Imagine yourself not trusting your parents from the moment you were a newborn. Doubting everything you hear or see, spending a huge time to verify if they are trying to screw you, gossiping about them with your siblings. How slow would you have learned and grown?
Well, that’s what is happening around us. The lack of trust causes loss of time, hypocrisy, and indifference.
Loss of time explained with the tragedy of the commons
The tragedy of the commons is a concept that explains why people acting in their own self-interest are disturbing a system that could otherwise work in everyone’s advantage.
Let’s use a hypothetical experience derived from the book of Dan Ariely “Predictably irrational”.
Image I give you and three other friends (Harry, Ron, Luna) 10€. I give you, however, the options to earn more. You can all secretly choose how much of this money you put in a common fund, and I will double that amount and divide it equally amongst the four of you. You decide to put the 10€ in the fund, thinking that if everyone does the same (40€), you will get 20€ (80€/4). You get however 15€ and not 20€. Indeed, Ron did not trust the group and did not put any money in the fund. The result was 30€ in the fund (x2 / 4 participants = 15€)
What will happen the next time you put money in such a fund? You will reduce the bet. And if someone is still putting less money than you, you will reduce your bet again, and again, and again. Until no one puts any money anymore, and you are left with your 10€, instead of 20€ if everyone trusted each other.
This simple example shows how mistrust does not help anyone. Mistrust in a company makes people spending more time controlling others and checking if what they say is true, rather than focussing on the mission of the company.
A lack of open and transparent communication causes hypocrisy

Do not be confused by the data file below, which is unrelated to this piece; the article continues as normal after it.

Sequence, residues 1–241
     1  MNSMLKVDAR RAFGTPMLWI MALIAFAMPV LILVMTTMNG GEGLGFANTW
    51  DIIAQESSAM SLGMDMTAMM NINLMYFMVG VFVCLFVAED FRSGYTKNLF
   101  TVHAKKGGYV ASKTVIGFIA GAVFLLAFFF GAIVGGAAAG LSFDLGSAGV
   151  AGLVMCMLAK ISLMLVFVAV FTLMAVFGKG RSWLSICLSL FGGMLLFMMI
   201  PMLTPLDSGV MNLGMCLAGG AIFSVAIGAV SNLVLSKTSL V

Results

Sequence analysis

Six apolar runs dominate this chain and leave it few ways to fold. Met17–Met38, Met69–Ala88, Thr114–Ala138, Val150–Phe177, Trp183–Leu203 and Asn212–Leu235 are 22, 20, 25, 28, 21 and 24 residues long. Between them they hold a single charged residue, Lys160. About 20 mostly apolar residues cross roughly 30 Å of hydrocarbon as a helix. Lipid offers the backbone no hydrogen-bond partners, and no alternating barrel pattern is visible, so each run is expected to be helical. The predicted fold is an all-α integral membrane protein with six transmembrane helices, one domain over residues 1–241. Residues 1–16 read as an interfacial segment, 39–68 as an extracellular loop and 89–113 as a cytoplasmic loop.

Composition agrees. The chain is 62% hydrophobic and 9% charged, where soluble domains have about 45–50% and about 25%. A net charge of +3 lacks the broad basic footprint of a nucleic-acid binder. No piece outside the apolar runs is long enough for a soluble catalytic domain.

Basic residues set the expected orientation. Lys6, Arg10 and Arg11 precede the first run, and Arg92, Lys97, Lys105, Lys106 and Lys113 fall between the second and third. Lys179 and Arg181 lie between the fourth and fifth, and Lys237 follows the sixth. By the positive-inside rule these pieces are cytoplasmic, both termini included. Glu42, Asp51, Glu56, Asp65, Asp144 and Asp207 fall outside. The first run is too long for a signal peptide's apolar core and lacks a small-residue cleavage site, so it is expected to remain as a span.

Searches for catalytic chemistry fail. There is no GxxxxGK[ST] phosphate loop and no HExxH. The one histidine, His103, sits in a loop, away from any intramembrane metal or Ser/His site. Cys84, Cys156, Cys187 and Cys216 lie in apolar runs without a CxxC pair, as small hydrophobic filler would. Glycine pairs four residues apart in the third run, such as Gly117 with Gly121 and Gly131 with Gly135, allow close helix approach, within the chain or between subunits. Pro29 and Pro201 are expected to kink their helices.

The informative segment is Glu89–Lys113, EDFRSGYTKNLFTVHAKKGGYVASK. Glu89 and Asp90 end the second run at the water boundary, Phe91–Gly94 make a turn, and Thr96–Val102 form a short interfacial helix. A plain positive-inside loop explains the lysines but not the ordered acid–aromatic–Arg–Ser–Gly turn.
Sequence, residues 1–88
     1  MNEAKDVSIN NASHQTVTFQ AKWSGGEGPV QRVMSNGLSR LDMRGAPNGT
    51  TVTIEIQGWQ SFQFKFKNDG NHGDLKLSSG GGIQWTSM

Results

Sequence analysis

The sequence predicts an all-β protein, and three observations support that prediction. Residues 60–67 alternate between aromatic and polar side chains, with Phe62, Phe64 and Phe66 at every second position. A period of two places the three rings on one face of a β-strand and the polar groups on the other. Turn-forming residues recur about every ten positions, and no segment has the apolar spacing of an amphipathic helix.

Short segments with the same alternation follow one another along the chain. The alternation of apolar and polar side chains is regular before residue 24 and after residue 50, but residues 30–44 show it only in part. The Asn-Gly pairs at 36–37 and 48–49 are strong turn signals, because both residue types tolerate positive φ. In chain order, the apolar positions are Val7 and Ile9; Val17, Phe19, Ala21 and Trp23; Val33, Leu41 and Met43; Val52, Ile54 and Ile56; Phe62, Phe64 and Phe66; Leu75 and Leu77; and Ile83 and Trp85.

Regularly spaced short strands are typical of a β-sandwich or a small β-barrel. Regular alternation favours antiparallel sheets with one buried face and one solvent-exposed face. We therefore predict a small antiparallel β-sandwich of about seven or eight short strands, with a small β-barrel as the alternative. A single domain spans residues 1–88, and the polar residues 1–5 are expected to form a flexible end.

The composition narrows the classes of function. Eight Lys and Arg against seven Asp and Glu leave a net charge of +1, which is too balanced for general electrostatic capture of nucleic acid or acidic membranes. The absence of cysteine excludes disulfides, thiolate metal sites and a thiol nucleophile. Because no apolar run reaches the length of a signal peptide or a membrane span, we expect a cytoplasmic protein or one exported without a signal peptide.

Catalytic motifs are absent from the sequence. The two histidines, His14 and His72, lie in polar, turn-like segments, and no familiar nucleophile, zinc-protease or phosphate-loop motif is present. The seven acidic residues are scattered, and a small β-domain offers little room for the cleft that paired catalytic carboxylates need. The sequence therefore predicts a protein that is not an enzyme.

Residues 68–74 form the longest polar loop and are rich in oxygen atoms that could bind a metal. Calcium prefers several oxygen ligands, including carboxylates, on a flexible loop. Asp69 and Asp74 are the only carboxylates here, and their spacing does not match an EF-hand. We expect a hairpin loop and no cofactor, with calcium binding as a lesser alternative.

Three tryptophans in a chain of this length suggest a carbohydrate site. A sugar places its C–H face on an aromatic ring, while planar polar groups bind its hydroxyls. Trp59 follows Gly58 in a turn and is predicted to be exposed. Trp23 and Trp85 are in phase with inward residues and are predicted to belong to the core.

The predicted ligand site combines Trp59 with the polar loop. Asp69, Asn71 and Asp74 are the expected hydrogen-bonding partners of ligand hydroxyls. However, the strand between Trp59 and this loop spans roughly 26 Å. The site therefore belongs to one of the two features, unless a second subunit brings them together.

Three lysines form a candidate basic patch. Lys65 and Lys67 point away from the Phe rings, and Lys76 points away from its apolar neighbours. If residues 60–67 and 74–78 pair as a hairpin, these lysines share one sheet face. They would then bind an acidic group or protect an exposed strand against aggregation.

Trust is difficult to obtain in every relationship (professional or personal). A lot of companies consider trust as being a core value, however, to trust, you need much more than just this word on a paper.
You need to work on it, and one of the aspects you need to work on is the creation of an open and transparent communication atmosphere where people can be their own.
It doesn’t start with THEM, it starts with YOU. If you are open and transparent to others, speak out your mind in a constructive way, do not blame people for making mistakes, they will tend to do the same.
Note, however, that you can only establish this culture if you can yourself accept constructive criticism.
Take the example that you defend this value but that when your colleague Cho explains you what you did wrong you act very defensively, you will lose her trust, as you are not consistent. Furthermore, she, and other colleagues, will stop being honest with you and will start gossiping. And gossips are like a cancer in your company. They will act like nothing is wrong, but nothing could be less true.
Being indifferent to others will not help improving the trust issue
Often forgotten, however important, being empathetic increases the trust of people. Empathy is the ability to share someone else’s feelings. One of the best ways to do that, is trying to put on their shoes. This is, however, only possible if you ask enough questions to fully understand what they are going through (ask open-ended questions: https://www.wikihow.com/Ask-Open-Ended-Questions).
It helps you understand their choices and shows them that you care for them. It does not only improve the relationship and communication between you both, it also improves the mutual trust. Indeed, you will not be suspicious anymore about this person as you tried to understand her on his point of view.
To trust is not being naive
I don’t pretend that you should trust everyone. What I pretend, however, is that the relationships you have (professional or personal) should be based on people you trust.
In the case of your parents for example, of course, unconditional love is the reason of your trust, however, is this love really needed to trust? If you have the feeling that you cannot trust someone, even after being open and empathetic, then don’t lose time and remove this person from your circle of contacts. Focus on people that are worth it.
As a conclusion, I am not saying that I have the cure to mistrust, as this is a very complex issue that cannot be solved in one day. I’m just stating that being open, transparent and empathetic with your team would help to trust each other more. This trust could lead to a higher productivity. Meanwhile, remember that everything starts with you. Indeed, if you don’t trust others, how can you expect they trust you? So start by asking yourself this question: “what if I trusted more?”